On Space

Gabrielle Ulubay
4 min readAug 24, 2021


“Woman Writing at a Desk,” John Lessore, 1939

When I was in college, a friend came with me to my childhood home for a long weekend.

“It’ll be so interesting to see where you came from,” she said after she bought the ticket. “I feel like I’ll understand you better.”

I was a freshman, and I wanted very badly to be understood. I think back on that year in the same way I think back on middle school sleepovers: endless nights of whispered confessions and anecdotes and abridged life stories, only this time those secrets were exchanged with people I’d just met. It was understandable, too. We’d just been uprooted from the things we’d known all our lives and found ourselves yearning for familiarity from our Twin Long beds.

My friend was one of the people who whispered with me late into the night. I looked forward to the weekend she’d spend with me because I, too, wanted her to understand me. I thought that if I let her inhabit a space as intimate and telling as the house I grew up in, our connection would deepen — that from that point on, when I’d say something or react in a certain way, she’d be able to instantly recognize the roots of my feelings and, even when I was in the wrong, she’d understand.

She gazed out the window for all five hours of the bus ride to New Jersey, and from the minute we stepped onto the sidewalk to the minute we left, she looked around in fascination and a bit of bewilderment. She treated everything she touched gingerly and poked cautiously at the food my mother made for us. And at night, she wrote in her journal, hunched over, her left arm wrapped around the book as though to obscure my view.

Her quest to understand me began to feel less like an effort toward intimacy and more like an anthropological study. She looked around at everything in my hometown, my house, and my bedroom like she was sizing me up; trying to figure me out. And suddenly, for me, everything about the space, from the books on my shelves to the Green Day poster on my ceiling, became some manifestation of my soul. It revealed too much.

At one point, she confirmed, “You make a lot more sense now,” and I wanted to throw sheets over all my belongings like people do in movies when they abandon their homes. My psyche was splattered on the walls and draped over the furniture and lined up atop my dresser, and I realized that in letting my friend (who, I then realized, was more of an acquaintance) into this private space, I’d relinquished control over what she knew about me and what stayed hidden.

It’s not that my home reveals any dark secrets — or any secrets of any sort, for that matter. It’s a standard enough house, and apart from a particularly strong childhood preference for dolls along with a teenage taste for Radiohead, my childhood bedroom says little about me that my friends don’t already know. The issue is more so that I’d allowed an outsider into what I now realize is a sacred space, and that not everyone should be entitled to the places where my soul is scattered about.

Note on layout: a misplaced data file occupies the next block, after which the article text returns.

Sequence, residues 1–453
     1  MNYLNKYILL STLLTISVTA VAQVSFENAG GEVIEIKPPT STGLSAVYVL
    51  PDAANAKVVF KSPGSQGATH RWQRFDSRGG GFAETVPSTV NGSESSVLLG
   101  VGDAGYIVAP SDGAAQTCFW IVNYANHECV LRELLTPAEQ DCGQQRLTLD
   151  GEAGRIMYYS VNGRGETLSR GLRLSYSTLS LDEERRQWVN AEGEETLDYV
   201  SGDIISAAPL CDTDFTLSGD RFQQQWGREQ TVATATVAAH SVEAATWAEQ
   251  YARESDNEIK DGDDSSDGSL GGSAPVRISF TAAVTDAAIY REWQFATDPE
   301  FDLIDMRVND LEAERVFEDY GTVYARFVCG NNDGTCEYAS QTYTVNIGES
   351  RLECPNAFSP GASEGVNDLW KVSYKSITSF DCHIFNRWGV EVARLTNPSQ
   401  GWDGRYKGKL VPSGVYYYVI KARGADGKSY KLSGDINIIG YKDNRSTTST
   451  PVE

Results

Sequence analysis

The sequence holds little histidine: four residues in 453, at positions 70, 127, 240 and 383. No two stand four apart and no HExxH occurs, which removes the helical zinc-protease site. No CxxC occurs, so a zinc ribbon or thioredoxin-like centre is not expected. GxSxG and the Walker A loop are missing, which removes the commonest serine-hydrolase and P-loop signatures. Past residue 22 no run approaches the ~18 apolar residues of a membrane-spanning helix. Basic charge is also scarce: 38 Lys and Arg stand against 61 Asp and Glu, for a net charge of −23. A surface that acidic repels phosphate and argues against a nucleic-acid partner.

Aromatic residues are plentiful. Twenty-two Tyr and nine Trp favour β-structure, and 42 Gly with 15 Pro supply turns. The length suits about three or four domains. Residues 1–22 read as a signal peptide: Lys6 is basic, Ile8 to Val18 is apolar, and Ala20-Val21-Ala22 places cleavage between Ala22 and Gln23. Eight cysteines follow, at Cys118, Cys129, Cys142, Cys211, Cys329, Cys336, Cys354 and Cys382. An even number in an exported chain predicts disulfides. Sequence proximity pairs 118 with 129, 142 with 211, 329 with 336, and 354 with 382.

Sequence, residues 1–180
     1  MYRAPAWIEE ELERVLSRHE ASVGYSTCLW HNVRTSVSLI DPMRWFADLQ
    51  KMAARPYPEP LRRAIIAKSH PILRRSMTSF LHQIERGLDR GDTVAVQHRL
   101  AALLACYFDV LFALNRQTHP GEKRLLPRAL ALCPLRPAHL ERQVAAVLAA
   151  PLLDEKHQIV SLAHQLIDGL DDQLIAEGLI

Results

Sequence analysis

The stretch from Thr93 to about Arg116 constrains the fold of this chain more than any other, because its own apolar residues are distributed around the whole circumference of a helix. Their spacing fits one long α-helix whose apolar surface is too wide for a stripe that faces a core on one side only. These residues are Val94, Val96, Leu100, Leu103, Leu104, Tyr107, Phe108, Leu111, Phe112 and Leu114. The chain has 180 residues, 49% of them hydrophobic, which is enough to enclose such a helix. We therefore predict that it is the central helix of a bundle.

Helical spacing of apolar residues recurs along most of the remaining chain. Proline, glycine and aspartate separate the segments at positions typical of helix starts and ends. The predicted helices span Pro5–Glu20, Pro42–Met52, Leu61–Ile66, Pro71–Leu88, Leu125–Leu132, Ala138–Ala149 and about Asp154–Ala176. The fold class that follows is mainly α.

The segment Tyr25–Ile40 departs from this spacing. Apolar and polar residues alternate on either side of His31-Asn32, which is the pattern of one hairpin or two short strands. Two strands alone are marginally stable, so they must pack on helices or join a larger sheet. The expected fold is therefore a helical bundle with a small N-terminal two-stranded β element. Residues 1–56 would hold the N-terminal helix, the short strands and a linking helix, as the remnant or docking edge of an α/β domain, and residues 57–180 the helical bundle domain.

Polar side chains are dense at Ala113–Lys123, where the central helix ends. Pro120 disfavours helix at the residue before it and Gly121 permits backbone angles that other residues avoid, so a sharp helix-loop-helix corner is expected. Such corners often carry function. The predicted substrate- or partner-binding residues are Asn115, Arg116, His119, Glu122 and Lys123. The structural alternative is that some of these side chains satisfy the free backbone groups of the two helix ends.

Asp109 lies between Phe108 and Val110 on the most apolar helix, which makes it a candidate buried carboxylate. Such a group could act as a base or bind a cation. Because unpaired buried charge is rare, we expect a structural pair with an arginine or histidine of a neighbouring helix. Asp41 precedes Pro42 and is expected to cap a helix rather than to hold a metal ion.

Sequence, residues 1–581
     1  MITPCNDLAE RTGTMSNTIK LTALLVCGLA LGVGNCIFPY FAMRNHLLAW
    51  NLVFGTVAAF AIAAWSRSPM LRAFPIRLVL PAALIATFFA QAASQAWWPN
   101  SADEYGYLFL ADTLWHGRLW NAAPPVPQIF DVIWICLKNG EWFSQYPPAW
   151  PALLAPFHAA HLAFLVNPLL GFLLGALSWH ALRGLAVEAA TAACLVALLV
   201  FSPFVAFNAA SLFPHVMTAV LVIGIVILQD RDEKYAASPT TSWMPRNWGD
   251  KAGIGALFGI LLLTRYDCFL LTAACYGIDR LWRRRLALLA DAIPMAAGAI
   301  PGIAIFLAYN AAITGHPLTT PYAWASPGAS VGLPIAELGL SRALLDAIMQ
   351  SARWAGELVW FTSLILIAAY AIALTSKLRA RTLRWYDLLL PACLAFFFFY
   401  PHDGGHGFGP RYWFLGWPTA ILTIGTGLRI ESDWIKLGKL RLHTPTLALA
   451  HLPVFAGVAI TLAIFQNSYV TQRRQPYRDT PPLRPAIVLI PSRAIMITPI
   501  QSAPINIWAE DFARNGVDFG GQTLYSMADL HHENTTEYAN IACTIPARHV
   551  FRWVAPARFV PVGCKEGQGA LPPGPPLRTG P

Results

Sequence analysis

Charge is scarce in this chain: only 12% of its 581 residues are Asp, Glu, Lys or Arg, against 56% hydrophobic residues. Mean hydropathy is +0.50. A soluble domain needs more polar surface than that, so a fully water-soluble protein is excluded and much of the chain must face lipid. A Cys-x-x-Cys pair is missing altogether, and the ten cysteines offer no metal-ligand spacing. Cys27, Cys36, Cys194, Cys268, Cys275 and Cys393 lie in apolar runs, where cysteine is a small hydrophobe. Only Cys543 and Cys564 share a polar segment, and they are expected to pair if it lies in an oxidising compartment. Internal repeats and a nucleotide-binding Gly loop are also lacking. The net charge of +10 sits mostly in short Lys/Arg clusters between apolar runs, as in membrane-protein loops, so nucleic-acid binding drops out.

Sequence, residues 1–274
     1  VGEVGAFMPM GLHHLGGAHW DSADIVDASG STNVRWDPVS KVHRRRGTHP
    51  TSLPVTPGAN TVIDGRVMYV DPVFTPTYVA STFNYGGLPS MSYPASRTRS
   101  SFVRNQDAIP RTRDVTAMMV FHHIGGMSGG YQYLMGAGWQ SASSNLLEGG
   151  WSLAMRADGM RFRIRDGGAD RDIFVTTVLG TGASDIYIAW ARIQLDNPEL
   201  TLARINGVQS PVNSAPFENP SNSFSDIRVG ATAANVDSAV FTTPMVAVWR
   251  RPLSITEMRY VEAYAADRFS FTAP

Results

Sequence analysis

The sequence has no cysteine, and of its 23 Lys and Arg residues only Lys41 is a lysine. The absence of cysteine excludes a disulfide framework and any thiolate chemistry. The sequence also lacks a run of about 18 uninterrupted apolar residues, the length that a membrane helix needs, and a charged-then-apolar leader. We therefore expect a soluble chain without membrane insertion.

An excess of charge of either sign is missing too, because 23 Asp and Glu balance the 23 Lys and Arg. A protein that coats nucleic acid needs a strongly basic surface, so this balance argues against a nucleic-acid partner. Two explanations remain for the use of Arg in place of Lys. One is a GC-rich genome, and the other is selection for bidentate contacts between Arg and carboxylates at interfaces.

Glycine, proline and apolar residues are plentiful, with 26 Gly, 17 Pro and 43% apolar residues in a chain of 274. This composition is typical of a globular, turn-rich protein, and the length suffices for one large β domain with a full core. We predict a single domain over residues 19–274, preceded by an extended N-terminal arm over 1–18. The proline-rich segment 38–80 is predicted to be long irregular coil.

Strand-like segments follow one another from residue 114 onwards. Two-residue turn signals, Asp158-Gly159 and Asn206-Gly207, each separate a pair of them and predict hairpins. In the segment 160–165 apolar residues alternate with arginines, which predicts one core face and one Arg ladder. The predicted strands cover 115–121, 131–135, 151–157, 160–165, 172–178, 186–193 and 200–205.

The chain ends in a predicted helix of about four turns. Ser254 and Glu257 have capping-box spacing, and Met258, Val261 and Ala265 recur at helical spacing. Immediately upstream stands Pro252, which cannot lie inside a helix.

I was right to feel uncomfortable about this friend, of course. She went back to campus and said, of her trip to my home, that it was “interesting to see how the working class lives.” But that’s another story.

Every Instagram therapist and self-help guru will readily extol the virtues of boundary-setting, as will any creative person. I’ve read Virginia Woolf’s A Room of One’s Own and Stephen King’s bit on “writing with the door shut” in On Writing. I understand the value of being alone, and recently signed a lease on my first studio apartment so that I can bask in my solitude as frequently as I want. But I think that effective boundary setting goes beyond limiting others’ access to one’s time and energy — I think that it also means deciding who gets access to certain physical spaces. Spaces like my childhood home, which are too sacred to be invaded by just anyone.

I hate, for instance, when people sit on my bed, or in front of my laptop, or in front of the easel I’m using to paint. I hate it when people poke through my records or my books without my permission. To me, these things are like my childhood bedroom: Physical manifestations of my soul, in some way or another. Private spaces. On some level, these spaces hold the key to who I am beneath the polite show that I put on — that we all put on — when leaving the house in the morning.

Already, we hold up so much of who we are against the fluorescent light of social media. Our friends and hobbies and opinions are constantly subject to others’ interpretation and approval, to the point that many of us delete photos that don’t garner enough likes or judge people based on the popularity of their posts. In a world where there no longer seems to be such a thing as privacy, it’s incredible to feel like some part of myself remains beyond others’ judgment. Like there’s something — or some place — that’s still sacred.